"Basically, the situation and climate of helping LGBTQI refugees is not as easy as it sounds," she explains. "One reason is because refugees have to flee their home country to an asylum country and claim refugee status for sexual orientation under the United Nations charter, but I'm not sure how many people can express the true reason because they don't want to come out, either for political or other reasons."
The fear of self-identifying limits the extent to which RRANS can apply as sponsors of refugees. "They might declare sexual orientation as a reason for fleeing once they've reached asylum, but they might not go through the official process in which they're outed, so they may instead claim conflict reasons," she says. As a result, RRANS can only focus on supporting those who are out.
The fear of coming out in such dangerous contexts is a symptom of wider oppressive conditions and attitudes still faced by LGBTQI people. But for those who do come out, RRANS can save their lives.
"It's important to understand that these people have come from a background of adversity, so it's even more important to be compassionate and understanding to some of the psychological trials they'll go through," she says. "As a refugee, you don't get to pick which country you go to. It's much different than immigration and it's important to be cognizant of that when re-settling people into a new country, because we try to take care of everything: transport, food, clothing, rent, how to do daily tasks, everything."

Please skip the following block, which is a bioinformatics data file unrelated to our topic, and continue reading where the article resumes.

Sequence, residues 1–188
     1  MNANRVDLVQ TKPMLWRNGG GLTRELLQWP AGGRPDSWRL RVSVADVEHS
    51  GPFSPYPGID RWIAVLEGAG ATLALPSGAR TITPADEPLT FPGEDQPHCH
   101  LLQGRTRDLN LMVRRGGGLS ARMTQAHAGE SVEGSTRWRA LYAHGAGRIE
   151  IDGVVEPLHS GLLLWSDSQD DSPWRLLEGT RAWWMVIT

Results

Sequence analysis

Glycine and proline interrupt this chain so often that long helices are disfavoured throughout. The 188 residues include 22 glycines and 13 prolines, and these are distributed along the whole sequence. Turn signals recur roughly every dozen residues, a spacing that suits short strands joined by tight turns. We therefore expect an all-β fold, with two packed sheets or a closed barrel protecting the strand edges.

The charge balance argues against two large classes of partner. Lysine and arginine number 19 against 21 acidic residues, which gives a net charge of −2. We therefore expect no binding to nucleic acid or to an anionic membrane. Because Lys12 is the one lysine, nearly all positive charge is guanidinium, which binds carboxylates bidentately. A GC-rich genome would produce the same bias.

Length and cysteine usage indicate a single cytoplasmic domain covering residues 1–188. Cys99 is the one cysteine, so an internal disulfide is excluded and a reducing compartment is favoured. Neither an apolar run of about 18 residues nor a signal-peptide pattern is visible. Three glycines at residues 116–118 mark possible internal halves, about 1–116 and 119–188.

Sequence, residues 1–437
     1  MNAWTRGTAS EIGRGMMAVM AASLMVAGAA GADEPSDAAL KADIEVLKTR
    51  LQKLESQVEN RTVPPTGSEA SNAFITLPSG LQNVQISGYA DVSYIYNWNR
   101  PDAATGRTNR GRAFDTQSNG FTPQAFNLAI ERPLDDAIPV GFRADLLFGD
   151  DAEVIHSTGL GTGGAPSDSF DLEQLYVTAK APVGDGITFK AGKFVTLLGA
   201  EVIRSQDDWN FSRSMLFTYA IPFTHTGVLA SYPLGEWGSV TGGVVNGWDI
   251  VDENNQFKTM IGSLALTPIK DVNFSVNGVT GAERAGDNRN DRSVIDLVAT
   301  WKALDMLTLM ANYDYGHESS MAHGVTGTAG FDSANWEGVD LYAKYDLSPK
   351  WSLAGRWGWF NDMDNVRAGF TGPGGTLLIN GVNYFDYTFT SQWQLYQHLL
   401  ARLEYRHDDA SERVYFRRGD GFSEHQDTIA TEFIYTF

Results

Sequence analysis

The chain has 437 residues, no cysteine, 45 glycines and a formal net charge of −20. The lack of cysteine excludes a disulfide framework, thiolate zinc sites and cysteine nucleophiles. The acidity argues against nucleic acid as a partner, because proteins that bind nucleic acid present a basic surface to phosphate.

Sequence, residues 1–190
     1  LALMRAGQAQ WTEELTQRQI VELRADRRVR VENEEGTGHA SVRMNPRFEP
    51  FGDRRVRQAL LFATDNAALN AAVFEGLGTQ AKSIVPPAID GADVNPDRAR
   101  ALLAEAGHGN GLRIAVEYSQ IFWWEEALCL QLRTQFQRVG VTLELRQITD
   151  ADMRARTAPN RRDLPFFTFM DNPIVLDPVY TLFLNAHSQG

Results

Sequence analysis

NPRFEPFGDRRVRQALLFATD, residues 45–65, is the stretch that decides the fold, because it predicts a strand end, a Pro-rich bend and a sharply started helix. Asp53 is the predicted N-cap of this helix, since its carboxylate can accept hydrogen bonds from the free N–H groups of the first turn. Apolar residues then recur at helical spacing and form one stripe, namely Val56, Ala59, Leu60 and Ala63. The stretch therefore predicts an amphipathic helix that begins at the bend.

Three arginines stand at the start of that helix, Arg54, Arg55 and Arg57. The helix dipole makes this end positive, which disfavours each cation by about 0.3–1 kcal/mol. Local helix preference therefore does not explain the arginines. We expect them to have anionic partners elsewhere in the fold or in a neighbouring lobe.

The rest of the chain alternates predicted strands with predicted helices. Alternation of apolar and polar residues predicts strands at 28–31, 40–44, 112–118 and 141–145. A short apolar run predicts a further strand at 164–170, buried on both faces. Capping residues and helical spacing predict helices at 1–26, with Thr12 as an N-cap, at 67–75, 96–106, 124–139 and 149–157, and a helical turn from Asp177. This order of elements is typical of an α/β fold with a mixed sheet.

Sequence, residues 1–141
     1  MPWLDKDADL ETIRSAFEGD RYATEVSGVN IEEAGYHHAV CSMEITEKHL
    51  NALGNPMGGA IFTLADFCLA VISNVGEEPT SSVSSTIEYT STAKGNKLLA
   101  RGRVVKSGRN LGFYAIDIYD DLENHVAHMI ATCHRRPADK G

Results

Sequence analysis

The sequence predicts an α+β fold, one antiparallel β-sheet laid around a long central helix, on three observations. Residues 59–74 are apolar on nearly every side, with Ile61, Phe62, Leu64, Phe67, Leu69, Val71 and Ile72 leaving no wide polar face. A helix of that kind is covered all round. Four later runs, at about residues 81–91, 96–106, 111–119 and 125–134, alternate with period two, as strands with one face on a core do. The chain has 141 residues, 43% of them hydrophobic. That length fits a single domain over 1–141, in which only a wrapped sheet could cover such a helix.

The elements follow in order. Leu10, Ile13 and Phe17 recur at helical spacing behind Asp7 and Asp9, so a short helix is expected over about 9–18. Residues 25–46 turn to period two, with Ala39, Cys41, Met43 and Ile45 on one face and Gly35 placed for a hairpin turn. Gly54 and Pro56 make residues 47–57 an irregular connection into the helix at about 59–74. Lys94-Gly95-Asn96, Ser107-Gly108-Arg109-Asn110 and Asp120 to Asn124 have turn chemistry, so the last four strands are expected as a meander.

Since December, RRANS has helped settle a third Iranian refugee, while the first two have been getting used to their new lives in Halifax. But overcoming the fear and trauma is a life-long process.
"I make contact with [them] on a regular basis and for everything that could go wrong, everything is going right," reassures Ng. "They are taking a lot of ownership over their renewal because they're finally able to go outside and live without fearing they will be persecuted. But this fear of persecution still has resonance. That they're not speaking to the media speaks loud enough."
It also speaks to the importance of RRANS in continuing education and outreach. This year, New Glasgow's Scott Jones aligned the "Don't Be Afraid" campaign with RRANS after a horrific attack that was motivated by his sexuality left him paralyzed. He's now a proud member of the board with Ng.
"The main thing is for people to educate themselves on what the LGBTQI state of affairs are for the rest of the world, how to advocate on behalf of LGBTQI people and to voice concerns to higher levels of government organizations and agencies who determine refugee adjudications and policies. Become familiar with organizations like ours," Ng says. And, of course, financial donations are required.
"The cost to sponsor someone is about $11,000 and so every donation helps RRANS," she says. "Without attention and assistance, this persecution will continue. So what we can do is help those fleeing find safe ground. From here, they can help us influence society and broaden the outreach worldwide."